Vaginal lubricants intended for use during sexual activity are readily available for purchase through drugstores, large retail chains, and the Internet. Women use vaginal lubricants to moderate the amount of vaginal wetness.1 In the United States it is estimated that 62% of women have used a lubricant during sexual activities and 25.3% have used a lubricant during the previous month.2 Among couples trying to conceive, incidence of vaginal dryness appears to be increased, and 26% of couples will use lubricants while trying to conceive.3
Commonly used vaginal lubricants have been shown to negatively affect sperm motility in vitro. Over-the-counter lubricants, including Astroglide, KY Jelly, and Replens, have been shown in multiple studies to adversely affect sperm motility at a variety of concentrations.4–8 One study showed sperm to be immotile after 15 minutes of exposure to these lubricants.8 Although a spectrum of lubricant concentrations has been studied, the in vivo concentration of lubricant in ejaculate deposited at the top of the vagina during intercourse is unknown.
As vaginal lubricants have been shown to affect sperm motility in vitro, it is possible that vaginal lubricant use during intercourse may negatively affect natural fertility by inhibiting fertilization. For this reason, couples who are trying to conceive are advised not to use common vaginal lubricants during procreative intercourse.9 The objective of this study was to estimate the effect of vaginal lubricant use during procreative intercourse on natural fertility.
MATERIALS AND METHODS
This study is a secondary analysis of data obtained from Time to Conceive, a time-to-pregnancy study, designed to estimate the association between markers of ovarian aging and natural fertility. The original study and secondary analysis were approved by the institutional review board of the University of North Carolina. Data from women enrolled between April 2008 and December 2010 are included in this analysis. A full description of the study design, exclusion, and inclusion criteria have been previously published.10 Briefly, English-speaking women between 30 and 44 years of age who were attempting to conceive for 3 months or less or were about to start trying to conceive were eligible for participation in the study. Women were recruited through community flyers, mass e-mails, and print advertising and screened for eligibility in a telephone interview. Women with a history of infertility, polycystic ovary syndrome, pelvic inflammatory disease, endometriosis, pelvic radiation, or with a partner with a history of infertility were excluded from participation.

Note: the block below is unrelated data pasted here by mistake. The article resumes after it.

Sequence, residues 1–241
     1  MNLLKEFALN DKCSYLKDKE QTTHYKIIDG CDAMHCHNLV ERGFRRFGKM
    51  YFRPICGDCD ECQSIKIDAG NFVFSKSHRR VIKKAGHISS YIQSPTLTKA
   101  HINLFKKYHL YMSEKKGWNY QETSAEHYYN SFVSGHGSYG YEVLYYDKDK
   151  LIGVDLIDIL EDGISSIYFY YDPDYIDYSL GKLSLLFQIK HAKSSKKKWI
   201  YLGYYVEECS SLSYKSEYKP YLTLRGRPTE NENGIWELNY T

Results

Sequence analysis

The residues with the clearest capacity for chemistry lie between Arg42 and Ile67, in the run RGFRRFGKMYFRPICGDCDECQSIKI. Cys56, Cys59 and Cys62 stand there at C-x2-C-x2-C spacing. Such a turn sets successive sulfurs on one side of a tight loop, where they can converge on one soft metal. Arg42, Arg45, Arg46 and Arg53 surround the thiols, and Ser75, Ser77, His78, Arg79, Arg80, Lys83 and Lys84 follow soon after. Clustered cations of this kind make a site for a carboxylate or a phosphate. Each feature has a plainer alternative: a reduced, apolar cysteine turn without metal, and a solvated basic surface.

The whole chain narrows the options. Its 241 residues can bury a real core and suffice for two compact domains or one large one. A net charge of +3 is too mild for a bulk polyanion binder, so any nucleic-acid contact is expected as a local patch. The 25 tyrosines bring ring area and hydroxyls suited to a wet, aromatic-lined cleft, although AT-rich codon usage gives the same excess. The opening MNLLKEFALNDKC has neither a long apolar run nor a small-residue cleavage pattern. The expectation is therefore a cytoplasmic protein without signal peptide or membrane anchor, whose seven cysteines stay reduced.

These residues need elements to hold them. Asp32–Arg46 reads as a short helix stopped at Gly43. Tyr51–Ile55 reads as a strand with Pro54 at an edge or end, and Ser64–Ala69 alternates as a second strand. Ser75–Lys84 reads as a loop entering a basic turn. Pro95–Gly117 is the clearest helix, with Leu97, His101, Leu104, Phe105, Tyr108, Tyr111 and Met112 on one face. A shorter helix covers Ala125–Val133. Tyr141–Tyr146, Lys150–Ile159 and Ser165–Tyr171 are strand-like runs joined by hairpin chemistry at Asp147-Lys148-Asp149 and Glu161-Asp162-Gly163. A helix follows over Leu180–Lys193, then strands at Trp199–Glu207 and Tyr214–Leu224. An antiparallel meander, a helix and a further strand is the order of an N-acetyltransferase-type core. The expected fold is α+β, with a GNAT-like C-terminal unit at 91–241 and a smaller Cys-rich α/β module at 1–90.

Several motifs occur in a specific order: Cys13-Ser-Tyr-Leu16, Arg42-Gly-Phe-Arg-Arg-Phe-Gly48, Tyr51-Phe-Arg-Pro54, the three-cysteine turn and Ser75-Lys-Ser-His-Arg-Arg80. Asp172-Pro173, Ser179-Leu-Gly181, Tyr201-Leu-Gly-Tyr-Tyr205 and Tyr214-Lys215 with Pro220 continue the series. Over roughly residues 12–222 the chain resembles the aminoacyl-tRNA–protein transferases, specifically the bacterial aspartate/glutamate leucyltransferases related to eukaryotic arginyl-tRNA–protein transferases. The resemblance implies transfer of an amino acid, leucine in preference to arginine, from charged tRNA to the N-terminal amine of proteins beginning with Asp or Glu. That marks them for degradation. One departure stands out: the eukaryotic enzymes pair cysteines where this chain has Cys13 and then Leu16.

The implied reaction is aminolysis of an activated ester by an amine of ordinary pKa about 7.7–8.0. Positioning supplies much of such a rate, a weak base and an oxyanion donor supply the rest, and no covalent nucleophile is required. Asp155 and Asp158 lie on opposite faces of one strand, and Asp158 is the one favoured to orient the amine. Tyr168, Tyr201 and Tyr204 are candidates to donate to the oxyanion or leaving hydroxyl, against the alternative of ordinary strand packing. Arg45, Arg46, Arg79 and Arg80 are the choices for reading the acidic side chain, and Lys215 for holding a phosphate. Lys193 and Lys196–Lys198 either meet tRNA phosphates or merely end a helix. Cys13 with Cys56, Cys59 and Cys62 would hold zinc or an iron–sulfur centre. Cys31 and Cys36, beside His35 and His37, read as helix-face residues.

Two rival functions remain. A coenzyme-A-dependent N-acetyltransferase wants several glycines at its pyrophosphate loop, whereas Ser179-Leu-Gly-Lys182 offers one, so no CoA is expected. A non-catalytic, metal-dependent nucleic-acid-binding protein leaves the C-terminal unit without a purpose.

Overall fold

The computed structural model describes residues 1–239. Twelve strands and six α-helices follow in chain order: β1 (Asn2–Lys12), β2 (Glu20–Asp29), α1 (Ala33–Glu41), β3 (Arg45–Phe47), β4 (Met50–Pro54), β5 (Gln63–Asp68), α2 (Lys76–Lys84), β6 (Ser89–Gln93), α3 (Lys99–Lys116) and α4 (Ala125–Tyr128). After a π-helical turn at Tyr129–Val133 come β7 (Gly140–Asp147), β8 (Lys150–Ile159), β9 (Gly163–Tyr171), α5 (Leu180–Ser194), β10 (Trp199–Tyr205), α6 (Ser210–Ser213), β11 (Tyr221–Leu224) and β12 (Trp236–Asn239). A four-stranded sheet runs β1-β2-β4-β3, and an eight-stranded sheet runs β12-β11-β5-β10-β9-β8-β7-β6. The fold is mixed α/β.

After informed consent was obtained, eligible women completed a questionnaire, which queried information on demographics, medical, surgical, obstetric, gynecologic, and menstrual history, behaviors, partner demographics, height and weight, and pregnancy history. Women were queried about their vaginal lubricant use while trying to conceive, including frequency of use and type of lubricant. Women who were determined to be eligible while using contraceptives were enrolled and completed the questionnaire in the menstrual cycle immediately after cessation of birth control.
While trying to conceive, women completed a study diary, which was designed to collect daily information on vaginal bleeding, intercourse, cervical mucus score (optional), pregnancy test results, and vaginal lubricant use. Women were asked to complete the diary daily until pregnancy was detected or three menstrual cycles had passed. In addition, women were provided with free home pregnancy tests (sensitivity [lowest level of detection]=20 milli-international units hCG/mL) and instructed to use them at the time of missed menses. Women were instructed to inform study staff of a positive pregnancy test. Women were provided a free pregnancy ultrasound scan to encourage notification of pregnancy results. Women who did not report a positive pregnancy test were contacted at 3 and 6 months after the study visit. Women were monitored until a positive pregnancy test or until 6 months of attempt after the study visit.